Ras Trent and Brandi skank in the beachgrass
I have recently moved to San Diego and have immediately noticed a general affinity for reggae music. It seems that everywhere I go, hipsters are wearing the T-shirts, the beads, playing the music in the stores and driving to the beat. Of course there’s also the “creative swirl of smoke” in the atmosphere, too! My question is, how comes the hipsters don’t even give me eye contact? I’m a Jamaican! Feeling a little left out...
— Christine (A Jamaican in North Park)
Hipster reggae knowledge chart
Hipsters can be a lot like cats; that is to say, fickle with their loyalties, so you have to let them come to you.
True, your Jamaican nationality brings you instant cultural cachet, but that’s not enough to guarantee a warm welcome in the local hipsters’ social circles. You still have to make friends “the old fashioned way,” by which I mean going to openings at local art galleries, attending cupping seminars at your local independent roaster (great chance to slip in an anecdote about the actual Blue Mountains of Jamaica, provided you have climbed them), attending local concerts (reggae or otherwise), or socializing as you normally would.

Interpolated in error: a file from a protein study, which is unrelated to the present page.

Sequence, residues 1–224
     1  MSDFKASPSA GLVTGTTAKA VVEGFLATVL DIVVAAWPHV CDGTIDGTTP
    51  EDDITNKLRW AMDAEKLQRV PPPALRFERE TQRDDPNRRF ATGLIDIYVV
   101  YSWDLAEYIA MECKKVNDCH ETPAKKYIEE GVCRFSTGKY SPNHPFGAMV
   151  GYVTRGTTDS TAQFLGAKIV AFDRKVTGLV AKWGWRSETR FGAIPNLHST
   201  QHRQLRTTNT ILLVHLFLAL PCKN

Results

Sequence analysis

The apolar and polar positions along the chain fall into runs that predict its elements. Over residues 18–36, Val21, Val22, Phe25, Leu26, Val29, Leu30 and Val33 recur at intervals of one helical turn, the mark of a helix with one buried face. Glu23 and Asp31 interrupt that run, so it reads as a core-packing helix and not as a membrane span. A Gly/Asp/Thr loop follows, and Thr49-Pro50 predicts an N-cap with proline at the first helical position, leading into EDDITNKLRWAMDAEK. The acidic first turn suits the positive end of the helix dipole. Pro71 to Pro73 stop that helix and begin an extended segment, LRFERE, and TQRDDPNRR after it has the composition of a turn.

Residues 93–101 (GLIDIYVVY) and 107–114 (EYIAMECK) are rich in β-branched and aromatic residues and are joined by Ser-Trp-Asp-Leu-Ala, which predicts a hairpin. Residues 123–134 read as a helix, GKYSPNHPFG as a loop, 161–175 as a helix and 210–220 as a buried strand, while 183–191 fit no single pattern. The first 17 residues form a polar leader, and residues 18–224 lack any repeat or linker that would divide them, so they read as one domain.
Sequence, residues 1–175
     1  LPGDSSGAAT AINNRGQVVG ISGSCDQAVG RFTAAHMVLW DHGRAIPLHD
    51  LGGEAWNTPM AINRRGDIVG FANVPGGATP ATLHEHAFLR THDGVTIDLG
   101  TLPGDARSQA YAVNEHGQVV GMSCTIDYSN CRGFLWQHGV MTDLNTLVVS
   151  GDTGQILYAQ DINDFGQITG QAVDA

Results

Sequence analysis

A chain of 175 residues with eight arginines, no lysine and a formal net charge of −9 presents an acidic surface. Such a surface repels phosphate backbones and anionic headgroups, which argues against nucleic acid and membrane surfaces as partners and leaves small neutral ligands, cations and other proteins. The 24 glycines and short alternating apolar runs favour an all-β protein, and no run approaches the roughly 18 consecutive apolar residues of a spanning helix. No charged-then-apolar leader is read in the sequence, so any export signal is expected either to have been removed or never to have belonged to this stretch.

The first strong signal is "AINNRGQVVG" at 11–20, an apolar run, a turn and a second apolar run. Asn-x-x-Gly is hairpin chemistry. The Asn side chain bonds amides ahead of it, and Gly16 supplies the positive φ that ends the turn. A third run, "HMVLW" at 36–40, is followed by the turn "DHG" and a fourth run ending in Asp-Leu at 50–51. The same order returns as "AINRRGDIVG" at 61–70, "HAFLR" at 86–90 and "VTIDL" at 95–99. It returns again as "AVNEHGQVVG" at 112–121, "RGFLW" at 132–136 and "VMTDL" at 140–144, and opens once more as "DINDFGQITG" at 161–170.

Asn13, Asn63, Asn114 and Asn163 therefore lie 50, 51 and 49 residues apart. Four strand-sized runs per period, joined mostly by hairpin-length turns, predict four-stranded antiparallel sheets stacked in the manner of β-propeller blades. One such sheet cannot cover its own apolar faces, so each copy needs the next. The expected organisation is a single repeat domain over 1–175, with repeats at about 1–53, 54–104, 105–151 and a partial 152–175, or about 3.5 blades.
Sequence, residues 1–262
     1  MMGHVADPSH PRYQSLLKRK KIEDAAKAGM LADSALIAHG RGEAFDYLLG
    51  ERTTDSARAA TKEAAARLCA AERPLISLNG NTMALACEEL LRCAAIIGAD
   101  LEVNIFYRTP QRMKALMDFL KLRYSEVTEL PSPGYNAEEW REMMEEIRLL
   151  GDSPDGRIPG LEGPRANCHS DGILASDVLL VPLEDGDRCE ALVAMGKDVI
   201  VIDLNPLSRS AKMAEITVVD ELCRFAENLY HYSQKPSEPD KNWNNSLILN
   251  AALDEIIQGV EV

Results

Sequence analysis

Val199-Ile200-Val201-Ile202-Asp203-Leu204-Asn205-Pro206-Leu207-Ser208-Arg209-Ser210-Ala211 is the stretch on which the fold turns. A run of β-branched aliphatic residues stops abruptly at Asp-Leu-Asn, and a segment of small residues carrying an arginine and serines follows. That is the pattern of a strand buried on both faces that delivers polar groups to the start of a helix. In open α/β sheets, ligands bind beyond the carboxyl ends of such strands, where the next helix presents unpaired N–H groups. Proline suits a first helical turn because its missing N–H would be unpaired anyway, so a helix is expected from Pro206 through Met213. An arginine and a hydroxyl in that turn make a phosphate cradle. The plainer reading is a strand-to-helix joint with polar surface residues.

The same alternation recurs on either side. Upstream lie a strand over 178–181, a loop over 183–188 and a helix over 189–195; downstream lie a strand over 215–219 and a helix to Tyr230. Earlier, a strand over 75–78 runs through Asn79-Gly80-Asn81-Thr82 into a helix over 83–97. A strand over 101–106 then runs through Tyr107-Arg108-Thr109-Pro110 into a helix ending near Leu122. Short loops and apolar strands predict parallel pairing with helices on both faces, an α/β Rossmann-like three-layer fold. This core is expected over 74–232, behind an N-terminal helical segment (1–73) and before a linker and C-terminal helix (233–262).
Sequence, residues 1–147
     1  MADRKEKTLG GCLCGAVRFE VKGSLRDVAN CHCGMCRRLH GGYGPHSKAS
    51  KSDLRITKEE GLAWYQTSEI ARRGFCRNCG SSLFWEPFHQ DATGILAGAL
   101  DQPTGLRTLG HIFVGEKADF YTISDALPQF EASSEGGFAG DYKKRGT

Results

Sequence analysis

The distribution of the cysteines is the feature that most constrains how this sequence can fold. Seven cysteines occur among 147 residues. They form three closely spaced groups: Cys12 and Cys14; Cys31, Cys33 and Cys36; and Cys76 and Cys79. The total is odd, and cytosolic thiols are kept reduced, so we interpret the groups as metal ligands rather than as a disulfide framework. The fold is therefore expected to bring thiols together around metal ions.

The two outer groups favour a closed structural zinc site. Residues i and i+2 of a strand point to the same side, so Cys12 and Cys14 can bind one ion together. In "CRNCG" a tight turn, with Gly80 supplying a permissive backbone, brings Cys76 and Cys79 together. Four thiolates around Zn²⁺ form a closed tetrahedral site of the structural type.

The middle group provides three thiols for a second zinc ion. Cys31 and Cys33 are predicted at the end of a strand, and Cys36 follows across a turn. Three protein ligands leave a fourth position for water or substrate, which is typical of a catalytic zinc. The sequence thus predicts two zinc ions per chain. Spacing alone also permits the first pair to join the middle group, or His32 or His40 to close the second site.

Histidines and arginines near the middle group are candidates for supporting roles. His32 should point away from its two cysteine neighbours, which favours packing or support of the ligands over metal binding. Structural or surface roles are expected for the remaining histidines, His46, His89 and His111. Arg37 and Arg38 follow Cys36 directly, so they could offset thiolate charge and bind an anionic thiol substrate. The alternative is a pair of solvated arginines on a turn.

Our local variety of hipster is perhaps extra wary of newcomers because of the high turnover rate among local scenesters. Like a lone wolf trying to join the pack, a new citizen like yourself has to show persistence, perhaps even offering the metaphorical equivalent of a freshly killed rabbit (perhaps you could promote a dancehall night at a local club?) in order to gain group acceptance.
Whether hipsters are more like cats or wolves remains up for debate.
Interestingly, reggae music is one of the rare genres about which hipsters aren’t driven to accumulate vast reserves of esoteric knowledge. Hipster science has tried to analyze this problem, but to no avail. In all fairness, hipster science didn’t try very hard because Morrissey was in town that weekend.